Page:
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Meet this year’s First Generation Professionals Fellows: Trevor Kirby L’23 and Virinchi Sindhwani L’23

January 06, 2021

Trevor Kirby L’23 and Virinchi Sindhwani L’23 have been named as the University of Pennsylvania Carey Law School’s second class of First Generation Professionals (FGP) Fellows. The FGP Fellowship is designed for students who are the first in their families to attend professional school.

“The Center On Professionalism is excited to be working with our two newest Fellows and to add to our Fellowship family,” says Joseph Glyn, Director of the Center On Professionalism (COP), which administers the Fellowship. “Trevor and Virinchi will benefit greatly from the Fellowship, and we are excited to see what the future holds for them.”

Trevor Kirby L’23

A native of Ventura, California, Kirby comes to the Law School after a stint with Teach for America in eastern North Carolina, which inspired him to look to the law to achieve a greater impact. He witnessed firsthand the “outdated educational structure that perpetuated inequitable and oppressive systems” and sought an alternate way to address the issues.

“Rather than attempt to create an adequate education from inadequate resources, the legal profession promised the opportunity to reimagine equity in education regardless of a child’s zip code or family income,” said Kirby.

Kirby is grateful to have been chosen for the FGP program.

“As a first-generation college student, the FGP Fellowship provides for an invaluable and transformative legal experience, helping to fill a critical gap between my familial experience with higher education and the world of opportunities it affords,” he said.

Kirby credits his law professors – Legal Practice Skills Senior Lecturer Jessica Simon, Professor of Law Jean Galbraith, Jefferson B. Fordham Professor of Law Tobias Barrington Wolff, and Senior Fellow and Academic Director of the Quattrone Center Paul Heaton – with leading especially engaging courses during a deeply challenging time.

Kirby is a graduate of Kenyon College, where he majored in philosophy, minored in Classics, and learned how to read and write in ancient Greek. His honors thesis, “Expanding Personal Responsibility: On the Importance of Institution & Education,” reflected his burgeoning interest in political and ethical philosophy and was inspired by Kenyon Professor of Philosophy Yang Xiao.

Virinchi Sindhwani L’23

Sindhwani knew from an early age, growing up in small communities in Louisiana and Oklahoma, that law school was likely in his future. A son of immigrants, he moved around with stays in Ohio, California, and Iowa as well. Sindhwani landed at the University of Southern California for college, from which he graduated with a degree in Law, History, and Culture and a minor in Marketing. He was a Trustee Scholar at USC.

He said he is “honored and humbled” to be at the Law School and to have been selected as a first-generation fellow. He specifically praises the collegial atmosphere of the institution.

I’m blown away by how helpful everyone is at Penn Law,” Sindhwani said. “Older students really try to look out for you, and your peers are all rooting for you. I’m looking forward to paying it forward when I am a 2 and 3L.”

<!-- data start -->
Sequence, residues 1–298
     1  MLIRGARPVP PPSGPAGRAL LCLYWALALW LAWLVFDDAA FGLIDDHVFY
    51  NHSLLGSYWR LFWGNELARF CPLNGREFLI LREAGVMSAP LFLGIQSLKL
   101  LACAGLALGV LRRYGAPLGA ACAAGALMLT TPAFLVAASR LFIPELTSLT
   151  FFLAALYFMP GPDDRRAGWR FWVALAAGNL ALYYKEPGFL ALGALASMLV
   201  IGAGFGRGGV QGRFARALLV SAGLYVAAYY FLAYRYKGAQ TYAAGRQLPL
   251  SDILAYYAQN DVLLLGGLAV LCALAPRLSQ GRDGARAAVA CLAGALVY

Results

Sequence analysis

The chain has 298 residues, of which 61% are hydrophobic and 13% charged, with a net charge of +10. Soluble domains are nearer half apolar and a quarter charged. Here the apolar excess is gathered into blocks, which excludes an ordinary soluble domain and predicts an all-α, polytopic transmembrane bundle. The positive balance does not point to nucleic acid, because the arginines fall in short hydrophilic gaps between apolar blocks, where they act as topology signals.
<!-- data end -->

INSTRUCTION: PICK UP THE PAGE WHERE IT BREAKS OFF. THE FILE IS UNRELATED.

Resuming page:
He believes his “multifaceted background acts as a connective tissue over any cultural fissures,” provides him “a perspective on insular bubbles that most do not have, an appreciation for people from various backgrounds with views that might differ from mine, and a desire to nurture empathy and appreciation for different cultures, beliefs, and perspectives in all settings.” He also noted that this “connective tissue” came in handy while knocking on doors as a field organizer during the 2020 election.

Sindhwani enjoyed his classes with Professor Wolff, Legal Practice Skills Senior Lecturer Gayle Gowen L’98, Visiting Professor Sandra Mayson, and Michael A. Fitts Professor of Law R. Polk Wagner.

More on the FGP Program

The Center on Professionalism (COP) oversees the FGP Fellowship. The Fellowship supports its Fellows in four primary ways: (1) direct mentorship connections for Fellows to have confidants from whom they can receive feedback, have dialogue about decisions, and reflect on past situations; (2) one-on-one professionalism coaching opportunities, such as in financial education, executive communication, and time management; (3) introductions to the alumni community to build a professional network, and (4) exclusive opportunities to meet “on-campus” speakers.

After receiving a generous donation from Penn alum David Silk L’88, COP was able to create a sustained mechanism and programming curriculum to support first-generation law scholars. The ultimate goal of the FGP program is to provide first generation law students mentorship and a professional network that otherwise may not have been available to them.

In addition to administering the FGP Fellowship, COP provides all Law School students with co-curriculum programming focused on developing the professional skills necessary for success in a modern legal environment. Students can carry these skills – such as project and time management, executive communication, resilience, and techniques for building a professional network – into any workplace.

Read more about COP’s efforts and programming.